Back in the 1970s I went to school with Nigel Farage at Dulwich College, the alma mater of Raymond Chandler, PG Wodehouse and (perhaps less impressive) the comedian Bob Monkhouse. Farage was not much liked by other boys, who found him cocky at times and opinionated. The National Front (the forerunner of the BNP) were once more in the ascendancy and Farage was said to be sympathetic to the aims (if not the methods) of some of its members.




One of my English teachers, Chlöe Deakin, went so far as to denounce Farage as a goose-stepping liability. In a letter to the headmaster dated 4 June 1981 she complained that the future UKIP leader had “publicly professed racist and neo-fascist views”. With a group of school army cadets, the 17-year-old stockbroker’s son had “marched through a quiet Sussex village very late at night shouting Hitler Youth songs”. When it was suggested by the teacher present that boys who expressed such views “don’t really mean them”, the school chaplain replied that, on the contrary, views of that kind expressed by boys of that age are often “deep-seated, and are meant”. It was only a shame that “the boy N.P Farage” (as Deakin called him) should subsequently have been made a prefect.


Of course, what a schoolboy got up to thirty years ago in a sleepy (now undoubtedly Brexit) Sussex village is not necessarily relevant to us today. Deakin (a self-proclaimed “political moderate” who lived in a flat in the well-appointed Albany, Piccadilly) nevertheless seems to have uncannily identified Farage in embryo. To the headmaster she continued: “You will recall that at the recent, and lengthy, meeting about the selection of prefects, the remark by a colleague that Farage was a ‘fascist, but that was no reason why he would not make a good prefect’ invoked considerable reaction from members of the Common Room”. Reportedly, Farage had been “so offensive” to one boy that he had to be thrown out of the classroom.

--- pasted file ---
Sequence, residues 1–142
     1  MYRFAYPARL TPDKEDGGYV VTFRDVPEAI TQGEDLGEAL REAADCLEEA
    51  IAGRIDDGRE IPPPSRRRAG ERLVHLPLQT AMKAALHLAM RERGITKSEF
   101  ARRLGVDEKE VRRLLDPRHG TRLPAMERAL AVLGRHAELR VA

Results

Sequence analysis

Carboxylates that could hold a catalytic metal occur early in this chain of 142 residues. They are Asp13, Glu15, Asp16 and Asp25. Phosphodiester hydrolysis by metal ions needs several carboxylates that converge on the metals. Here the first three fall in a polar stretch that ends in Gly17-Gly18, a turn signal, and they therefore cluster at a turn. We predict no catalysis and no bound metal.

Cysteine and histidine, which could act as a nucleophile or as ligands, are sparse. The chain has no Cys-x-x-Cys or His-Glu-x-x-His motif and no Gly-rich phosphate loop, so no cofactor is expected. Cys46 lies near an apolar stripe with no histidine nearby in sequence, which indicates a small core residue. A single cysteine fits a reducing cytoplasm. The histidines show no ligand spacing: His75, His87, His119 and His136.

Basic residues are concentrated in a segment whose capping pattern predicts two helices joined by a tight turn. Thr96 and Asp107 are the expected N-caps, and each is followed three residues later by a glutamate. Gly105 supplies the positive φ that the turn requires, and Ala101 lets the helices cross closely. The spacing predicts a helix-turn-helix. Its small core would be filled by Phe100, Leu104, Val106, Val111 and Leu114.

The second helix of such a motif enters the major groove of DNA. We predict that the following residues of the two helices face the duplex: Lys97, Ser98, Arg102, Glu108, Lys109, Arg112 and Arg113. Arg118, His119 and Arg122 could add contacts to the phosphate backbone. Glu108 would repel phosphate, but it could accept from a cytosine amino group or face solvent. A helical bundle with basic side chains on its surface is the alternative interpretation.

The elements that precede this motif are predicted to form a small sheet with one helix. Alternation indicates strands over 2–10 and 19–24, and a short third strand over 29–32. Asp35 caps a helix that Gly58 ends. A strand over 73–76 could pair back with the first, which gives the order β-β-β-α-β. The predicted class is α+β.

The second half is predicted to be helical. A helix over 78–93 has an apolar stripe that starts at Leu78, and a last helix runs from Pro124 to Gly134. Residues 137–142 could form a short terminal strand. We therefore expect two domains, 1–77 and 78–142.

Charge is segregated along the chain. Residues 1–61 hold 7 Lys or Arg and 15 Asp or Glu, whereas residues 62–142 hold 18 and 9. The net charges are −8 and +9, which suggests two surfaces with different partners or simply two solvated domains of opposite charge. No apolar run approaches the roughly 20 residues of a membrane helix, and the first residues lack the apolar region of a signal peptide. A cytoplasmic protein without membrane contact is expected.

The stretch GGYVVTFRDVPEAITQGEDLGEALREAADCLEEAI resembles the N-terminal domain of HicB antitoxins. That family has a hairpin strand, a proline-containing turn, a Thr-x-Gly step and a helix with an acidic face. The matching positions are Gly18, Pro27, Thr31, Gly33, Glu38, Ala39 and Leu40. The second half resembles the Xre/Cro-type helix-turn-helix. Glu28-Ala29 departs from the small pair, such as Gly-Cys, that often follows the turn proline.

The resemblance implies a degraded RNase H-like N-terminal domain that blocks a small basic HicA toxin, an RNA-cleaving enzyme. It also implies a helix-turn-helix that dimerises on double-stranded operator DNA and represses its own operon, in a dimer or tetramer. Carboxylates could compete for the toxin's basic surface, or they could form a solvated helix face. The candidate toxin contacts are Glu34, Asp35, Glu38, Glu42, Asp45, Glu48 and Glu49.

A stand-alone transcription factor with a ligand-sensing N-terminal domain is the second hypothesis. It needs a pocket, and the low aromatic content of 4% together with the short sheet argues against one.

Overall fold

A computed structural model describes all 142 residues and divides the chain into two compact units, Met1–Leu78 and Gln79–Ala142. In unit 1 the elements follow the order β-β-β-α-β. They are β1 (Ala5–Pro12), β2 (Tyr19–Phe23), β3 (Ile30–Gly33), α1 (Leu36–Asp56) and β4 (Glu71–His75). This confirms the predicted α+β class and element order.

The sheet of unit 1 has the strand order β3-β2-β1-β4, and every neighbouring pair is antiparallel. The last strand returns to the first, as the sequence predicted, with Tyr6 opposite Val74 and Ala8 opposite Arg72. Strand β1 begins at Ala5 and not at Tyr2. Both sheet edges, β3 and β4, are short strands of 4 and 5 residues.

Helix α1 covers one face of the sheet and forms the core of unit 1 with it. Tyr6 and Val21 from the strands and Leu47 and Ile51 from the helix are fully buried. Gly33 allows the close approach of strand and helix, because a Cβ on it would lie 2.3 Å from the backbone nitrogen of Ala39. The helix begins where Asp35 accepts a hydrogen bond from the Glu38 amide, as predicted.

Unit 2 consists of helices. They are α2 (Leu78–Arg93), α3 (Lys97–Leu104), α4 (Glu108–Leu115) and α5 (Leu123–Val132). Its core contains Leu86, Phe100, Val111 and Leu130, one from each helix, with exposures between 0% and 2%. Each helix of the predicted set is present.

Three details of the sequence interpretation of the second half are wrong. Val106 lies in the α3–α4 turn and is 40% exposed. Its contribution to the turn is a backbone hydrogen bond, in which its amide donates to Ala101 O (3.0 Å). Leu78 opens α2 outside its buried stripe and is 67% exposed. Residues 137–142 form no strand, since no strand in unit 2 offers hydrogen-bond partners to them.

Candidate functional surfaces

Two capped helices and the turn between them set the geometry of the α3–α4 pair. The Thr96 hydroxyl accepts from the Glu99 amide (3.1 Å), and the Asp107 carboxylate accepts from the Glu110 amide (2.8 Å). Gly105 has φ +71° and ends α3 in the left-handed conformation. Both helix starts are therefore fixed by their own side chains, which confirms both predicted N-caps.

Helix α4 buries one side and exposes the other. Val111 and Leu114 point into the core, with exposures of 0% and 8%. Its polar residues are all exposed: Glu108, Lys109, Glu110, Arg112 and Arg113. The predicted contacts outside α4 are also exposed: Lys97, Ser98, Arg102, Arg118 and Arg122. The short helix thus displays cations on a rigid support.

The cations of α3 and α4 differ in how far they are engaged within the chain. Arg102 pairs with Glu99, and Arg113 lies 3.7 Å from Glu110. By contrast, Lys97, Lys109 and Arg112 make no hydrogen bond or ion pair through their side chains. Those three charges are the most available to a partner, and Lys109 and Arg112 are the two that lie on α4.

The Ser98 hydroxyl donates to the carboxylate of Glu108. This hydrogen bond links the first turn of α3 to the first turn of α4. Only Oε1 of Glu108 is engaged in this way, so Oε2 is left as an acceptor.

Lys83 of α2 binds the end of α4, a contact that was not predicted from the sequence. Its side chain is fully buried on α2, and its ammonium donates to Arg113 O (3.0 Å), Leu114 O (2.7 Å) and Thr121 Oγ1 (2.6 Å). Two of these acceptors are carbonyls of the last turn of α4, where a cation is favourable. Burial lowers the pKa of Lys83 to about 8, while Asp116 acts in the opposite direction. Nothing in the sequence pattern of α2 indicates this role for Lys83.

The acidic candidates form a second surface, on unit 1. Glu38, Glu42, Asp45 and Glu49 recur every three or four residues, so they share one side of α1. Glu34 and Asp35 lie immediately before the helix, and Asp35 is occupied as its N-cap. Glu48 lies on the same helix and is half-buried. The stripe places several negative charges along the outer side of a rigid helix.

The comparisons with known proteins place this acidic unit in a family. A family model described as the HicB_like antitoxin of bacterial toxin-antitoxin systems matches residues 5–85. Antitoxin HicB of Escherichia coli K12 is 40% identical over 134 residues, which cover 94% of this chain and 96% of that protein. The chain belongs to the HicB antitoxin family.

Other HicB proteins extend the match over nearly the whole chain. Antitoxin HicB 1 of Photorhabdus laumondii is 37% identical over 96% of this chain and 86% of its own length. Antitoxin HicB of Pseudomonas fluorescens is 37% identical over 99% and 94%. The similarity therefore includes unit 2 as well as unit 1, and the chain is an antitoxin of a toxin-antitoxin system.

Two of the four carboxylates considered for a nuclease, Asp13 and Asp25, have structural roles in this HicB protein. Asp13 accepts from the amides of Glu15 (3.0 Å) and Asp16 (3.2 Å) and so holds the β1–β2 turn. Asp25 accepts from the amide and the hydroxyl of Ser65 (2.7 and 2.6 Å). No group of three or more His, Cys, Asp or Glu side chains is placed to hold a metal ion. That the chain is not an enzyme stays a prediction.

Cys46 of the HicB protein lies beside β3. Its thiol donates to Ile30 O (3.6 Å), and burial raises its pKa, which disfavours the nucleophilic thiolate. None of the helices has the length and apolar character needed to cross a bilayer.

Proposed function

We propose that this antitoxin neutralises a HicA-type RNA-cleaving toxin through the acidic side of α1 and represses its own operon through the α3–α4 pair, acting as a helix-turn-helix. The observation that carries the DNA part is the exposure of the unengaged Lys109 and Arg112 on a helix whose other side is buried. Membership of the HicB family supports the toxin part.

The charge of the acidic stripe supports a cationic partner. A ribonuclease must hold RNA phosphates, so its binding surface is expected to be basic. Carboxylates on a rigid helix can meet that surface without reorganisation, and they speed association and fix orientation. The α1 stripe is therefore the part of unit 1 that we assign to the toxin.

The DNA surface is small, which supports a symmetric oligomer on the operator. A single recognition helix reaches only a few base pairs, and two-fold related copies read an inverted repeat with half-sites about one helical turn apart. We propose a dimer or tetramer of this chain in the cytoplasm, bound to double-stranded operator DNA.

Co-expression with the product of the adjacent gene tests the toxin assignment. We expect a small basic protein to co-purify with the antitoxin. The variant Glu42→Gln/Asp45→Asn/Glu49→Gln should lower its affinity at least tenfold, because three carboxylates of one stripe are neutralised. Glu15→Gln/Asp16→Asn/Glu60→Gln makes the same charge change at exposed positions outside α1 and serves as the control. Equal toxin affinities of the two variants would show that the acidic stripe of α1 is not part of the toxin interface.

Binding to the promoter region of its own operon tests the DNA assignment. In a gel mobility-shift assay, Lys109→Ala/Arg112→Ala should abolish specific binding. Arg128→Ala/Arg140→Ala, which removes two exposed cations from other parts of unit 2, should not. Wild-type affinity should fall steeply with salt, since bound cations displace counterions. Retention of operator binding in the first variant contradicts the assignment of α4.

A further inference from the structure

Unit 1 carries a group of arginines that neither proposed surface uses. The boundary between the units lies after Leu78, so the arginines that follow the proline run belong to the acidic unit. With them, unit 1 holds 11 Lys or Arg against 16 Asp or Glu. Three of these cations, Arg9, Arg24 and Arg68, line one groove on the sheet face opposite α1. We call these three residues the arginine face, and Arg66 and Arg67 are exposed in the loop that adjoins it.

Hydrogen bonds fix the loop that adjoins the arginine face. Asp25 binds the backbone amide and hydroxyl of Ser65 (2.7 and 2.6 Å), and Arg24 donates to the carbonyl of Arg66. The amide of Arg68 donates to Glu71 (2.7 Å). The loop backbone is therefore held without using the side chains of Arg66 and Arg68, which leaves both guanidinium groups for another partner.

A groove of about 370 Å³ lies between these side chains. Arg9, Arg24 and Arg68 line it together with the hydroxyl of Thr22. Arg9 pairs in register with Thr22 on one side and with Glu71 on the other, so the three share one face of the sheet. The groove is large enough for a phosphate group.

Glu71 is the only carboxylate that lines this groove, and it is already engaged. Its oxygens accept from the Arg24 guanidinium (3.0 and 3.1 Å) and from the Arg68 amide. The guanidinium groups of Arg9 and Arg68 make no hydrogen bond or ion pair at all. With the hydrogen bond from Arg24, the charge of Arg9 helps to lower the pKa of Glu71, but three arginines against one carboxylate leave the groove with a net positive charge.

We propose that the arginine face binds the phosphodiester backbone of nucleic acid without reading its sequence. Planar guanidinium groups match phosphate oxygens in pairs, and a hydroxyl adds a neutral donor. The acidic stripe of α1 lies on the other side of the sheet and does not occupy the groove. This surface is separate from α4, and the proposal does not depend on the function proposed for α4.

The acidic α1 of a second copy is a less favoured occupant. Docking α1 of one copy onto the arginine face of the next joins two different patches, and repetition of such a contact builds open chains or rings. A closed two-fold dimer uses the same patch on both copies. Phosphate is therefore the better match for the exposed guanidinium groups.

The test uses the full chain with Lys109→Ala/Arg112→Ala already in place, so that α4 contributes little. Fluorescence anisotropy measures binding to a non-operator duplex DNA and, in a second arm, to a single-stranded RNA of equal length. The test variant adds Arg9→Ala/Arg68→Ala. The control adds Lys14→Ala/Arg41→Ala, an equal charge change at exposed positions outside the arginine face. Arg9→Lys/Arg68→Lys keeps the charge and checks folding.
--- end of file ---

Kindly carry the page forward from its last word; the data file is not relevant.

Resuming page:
Farage’s appointment as prefect would “vastly increase” his “sense of self-justification” and pomposity, warned Deakin. His peers would either “adopt him as an exemplar, or, as is much more likely, regard his appointment with disillusionment and cynicism when they observe that his notorious views and behavior, well known to both Master and members of the staff, are, as it would appear, condoned by them.” Staff who believed that Farage had been made a prefect “through a democratic process”, will, said Deakin, “be shocked, saddened, angered, and disheartened.”


Deakin implored the headmaster: “I have often heard you tell our senior boys that they are the nation’s future leaders. It is our collective responsibility to ensure that these leaders are enlightened and compassionate…” That a pupil such as Farage should have had “bestowed upon him the prestige of office and authority” was, Deakin thought, “distasteful”. Already a master-manipulator of invective, Nigel’s larky behavior (“Can’t you take a joke?”) concealed the shadow of a more unpleasant race politics and “bullying of the nastiest kind”, Deakin stressed.


Notoriously, 1981 was a year of convulsive political tensions, when the National Front began to march through immigrant pockets of south London and the police used the school playing fields as an operational base during the Brixton riots. In his 2010 memoir-cum-manifesto, Fighting Bull, Farage alludes briefly to the row about him being made a Dulwich College prefect; some teachers, he claims, were hostile to him because he admired Enoch Powell, the former Conservative who had long warned of the dangers of immigration and the neo-liberal values of “assimilation” and “integration”. Really? In her letter, Chlöe Deakin suggests that Farage was expressing opinions rather to the right of Powell and, anyway, as Tory health minister between 1960 and 1963, Powell had invited Commonwealth citizens to come and work in the NHS. Powell was not (or not always) the racist that some on the British Left make him out to be.